Reflections on Ethnicity and Nation in Belize
by Assad Shoman (PhD)
Belize, a Central American state with “Caribbean” connections, has been known for its small but ethnically diverse population. I put that word in quotes because for Belize it has carried a special meaning, the Caribbean that includes the territories that were colonies of Britain, and that feature populations predominantly of African descent. And indeed, even for people in the other Central American states, to say that Belize is Caribbean has meant that it is peopled predominantly by Afro-descendants. The territory that is now Belize was once, before the period of European invasion, an undifferentiated part of a large area inhabited by indigenous peoples collectively called Maya but including peoples of different languages and traditions, encompassing parts of what are now Mexico, Guatemala and Honduras, as well as Belize.
The Spanish were the first Europeans to enter Belize; they were resisted by the indigenous peoples, but succeeded in establishing several villages and attempted to impose their Catholic religion. The Maya resistance to Spanish rule continued from the first contacts in 1508 until the end of the seventeenth century, but by then Spain began to lose control of the territory to British pirates, and eventually British settlers controlled the territory and imported Africans as slaves to cut and export wood from the settlement; in 1779 slaves accounted for 86% of the population within British jurisdiction. The reduced Maya population was not counted.
Early in the 19th century, the Garifuna1 (known to the British as Black Caribs, they were a people of African and indigenous Caribbean origin who had been forcibly removed from their island home of St. Vincent by the British and transported to an island off Honduras in 1797) began to settle in the south of Belize. After slavery was abolished in 1838, the British cutters were deprived of some of their labour, but the population was doubled by refugees from the Caste War in Yucatan in the years after 1847, as Mayas and Mestizos peopled northern Belize. In the 1860s, the labour-hungry British imported indentured servants from India and China. People were also brought by the British from their other colonies in the Caribbean. This mix of peoples was enriched in the twentieth century by immigrants from several parts of the world, including peoples from the Middle and Far East, the Caribbean, Europe and Central America. For a country with such a small population (in 1945 less than 60, 000; in 1981 146,000; in 2009 about 330,000), the great ethnic diversity in Belize is striking. Equally striking is the impression carried by many, including locals as well as visitors, that Belize is a haven of ethnic harmony.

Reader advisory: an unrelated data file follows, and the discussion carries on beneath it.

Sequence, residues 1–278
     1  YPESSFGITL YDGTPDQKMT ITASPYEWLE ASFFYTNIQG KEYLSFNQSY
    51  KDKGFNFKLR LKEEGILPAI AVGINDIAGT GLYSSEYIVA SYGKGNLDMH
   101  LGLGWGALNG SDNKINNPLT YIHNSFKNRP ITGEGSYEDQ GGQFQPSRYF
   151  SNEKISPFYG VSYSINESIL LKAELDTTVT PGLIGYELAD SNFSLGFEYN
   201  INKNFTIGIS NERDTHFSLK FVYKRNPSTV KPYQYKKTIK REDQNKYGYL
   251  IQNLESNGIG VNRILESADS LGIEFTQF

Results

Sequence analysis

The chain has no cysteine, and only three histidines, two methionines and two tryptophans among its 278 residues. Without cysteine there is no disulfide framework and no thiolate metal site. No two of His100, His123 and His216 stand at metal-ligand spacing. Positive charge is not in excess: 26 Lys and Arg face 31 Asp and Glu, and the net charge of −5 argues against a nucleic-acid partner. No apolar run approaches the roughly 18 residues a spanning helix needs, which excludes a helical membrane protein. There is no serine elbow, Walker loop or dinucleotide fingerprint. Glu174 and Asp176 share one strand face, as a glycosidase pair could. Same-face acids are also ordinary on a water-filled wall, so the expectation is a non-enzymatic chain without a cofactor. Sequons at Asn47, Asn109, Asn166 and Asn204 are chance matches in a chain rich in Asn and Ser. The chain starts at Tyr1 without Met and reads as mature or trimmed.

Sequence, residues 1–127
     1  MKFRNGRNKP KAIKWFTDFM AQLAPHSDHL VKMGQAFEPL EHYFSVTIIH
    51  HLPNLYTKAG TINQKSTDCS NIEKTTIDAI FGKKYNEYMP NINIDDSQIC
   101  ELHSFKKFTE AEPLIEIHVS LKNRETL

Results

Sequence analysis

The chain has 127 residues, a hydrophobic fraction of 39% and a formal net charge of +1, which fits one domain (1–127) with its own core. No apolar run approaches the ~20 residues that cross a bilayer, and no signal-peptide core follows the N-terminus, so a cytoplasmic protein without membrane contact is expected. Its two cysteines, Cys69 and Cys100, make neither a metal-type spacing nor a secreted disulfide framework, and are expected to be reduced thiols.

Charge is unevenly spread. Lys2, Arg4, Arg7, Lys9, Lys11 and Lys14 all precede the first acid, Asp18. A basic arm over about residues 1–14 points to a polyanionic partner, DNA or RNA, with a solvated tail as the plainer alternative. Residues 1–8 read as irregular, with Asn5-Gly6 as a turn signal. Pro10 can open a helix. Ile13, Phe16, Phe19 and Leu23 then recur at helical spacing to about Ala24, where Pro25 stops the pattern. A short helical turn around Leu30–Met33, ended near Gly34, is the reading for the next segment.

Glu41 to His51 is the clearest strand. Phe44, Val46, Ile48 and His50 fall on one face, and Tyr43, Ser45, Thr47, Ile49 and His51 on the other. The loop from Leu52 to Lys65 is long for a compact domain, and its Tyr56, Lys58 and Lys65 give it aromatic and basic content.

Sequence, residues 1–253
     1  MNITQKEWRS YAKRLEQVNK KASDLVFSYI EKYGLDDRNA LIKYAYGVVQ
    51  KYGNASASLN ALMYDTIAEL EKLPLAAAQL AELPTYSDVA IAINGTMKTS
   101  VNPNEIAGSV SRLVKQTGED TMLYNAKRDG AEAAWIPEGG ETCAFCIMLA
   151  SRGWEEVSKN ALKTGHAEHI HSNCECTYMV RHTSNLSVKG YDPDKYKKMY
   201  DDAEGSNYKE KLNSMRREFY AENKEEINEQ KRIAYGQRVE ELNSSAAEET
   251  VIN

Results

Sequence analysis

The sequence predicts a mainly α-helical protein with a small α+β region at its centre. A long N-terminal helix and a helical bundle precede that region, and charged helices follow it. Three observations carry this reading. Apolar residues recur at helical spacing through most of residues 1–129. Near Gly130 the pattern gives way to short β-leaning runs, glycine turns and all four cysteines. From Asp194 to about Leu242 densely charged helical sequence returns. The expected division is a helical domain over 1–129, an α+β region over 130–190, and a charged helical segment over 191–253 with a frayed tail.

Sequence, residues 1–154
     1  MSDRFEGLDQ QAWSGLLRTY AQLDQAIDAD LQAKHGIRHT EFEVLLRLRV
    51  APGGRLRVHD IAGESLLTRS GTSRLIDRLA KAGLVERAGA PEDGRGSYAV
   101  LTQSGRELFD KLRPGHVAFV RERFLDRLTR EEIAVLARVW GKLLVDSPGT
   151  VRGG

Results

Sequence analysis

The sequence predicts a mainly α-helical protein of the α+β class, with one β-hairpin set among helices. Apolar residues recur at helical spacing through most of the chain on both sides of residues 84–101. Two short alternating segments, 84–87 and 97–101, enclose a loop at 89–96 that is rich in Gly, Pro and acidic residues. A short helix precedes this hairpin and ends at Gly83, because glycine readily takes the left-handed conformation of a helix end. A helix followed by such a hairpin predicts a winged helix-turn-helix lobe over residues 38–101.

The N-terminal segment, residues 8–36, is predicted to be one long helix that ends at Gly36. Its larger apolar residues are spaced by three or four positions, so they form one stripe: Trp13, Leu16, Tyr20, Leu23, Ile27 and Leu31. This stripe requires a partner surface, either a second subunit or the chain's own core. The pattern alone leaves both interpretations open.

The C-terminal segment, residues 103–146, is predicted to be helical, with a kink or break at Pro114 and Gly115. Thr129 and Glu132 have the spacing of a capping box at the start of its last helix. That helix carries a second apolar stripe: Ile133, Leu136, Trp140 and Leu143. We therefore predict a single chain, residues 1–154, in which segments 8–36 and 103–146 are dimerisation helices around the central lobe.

But Belize was made by slavery and imperialism, both institutions that thrive on racism, and it would be foolish to believe that Belizean society has not been marked by its racist foundations.
In this essay I want to share some reflections, as a person born and bred in Belize, that is to say as a witness and participant from the inside, about ethnic relations, racism, and nation-ness in Belize. I believe that to do this it is important to address the colonial experience of Belize, for people‘s thoughts and feelings about ‗race‘, ethnicity, colour, difference, and identity were forged in the crucible of their lived experience of slavery and colonialism. I also want to explore the question of nationalism, of what it meant and means to be Belizeans ―building a nation‖, as we have been called upon to do by leaders for more than a half-century, and to reflect on the relation between nation and ethnicity.
Part 1 presents essential background and addresses the issue of British colonialism and its racist essence, describes the emergence of a ―Creole culture‖ in the colony, explains the effect of nationalist politics on ethnic relations, relates the reactions of different sectors and groups in the society to the pattern of ethnic relations, and introduces the phenomenon of Central American immigration in the 1980s and its effects on the concerns about preserving an ―ethnic balance‖. In Part 2 I will present different views about ethnicity and ethnic relations in Belize, analyse the concepts of “race,” ethnicity and nation by reference to the current academic literature, look critically at some conceptualizations about the meaning of ethnicity and the state of ethnic relations in Belize, present the special case of the Toledo Maya, and provide some reflections about how the issue might be better understood and addressed.
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How to Cite:
Shoman, A. (2010). Reflections on Ethnicity and Nation in Belize. Documento de Trabajo No. 9. from https://hal.archives-ouvertes.fr/hal-00713503/file/Cuaderno9-SHOMAN-FINAL-2.pdf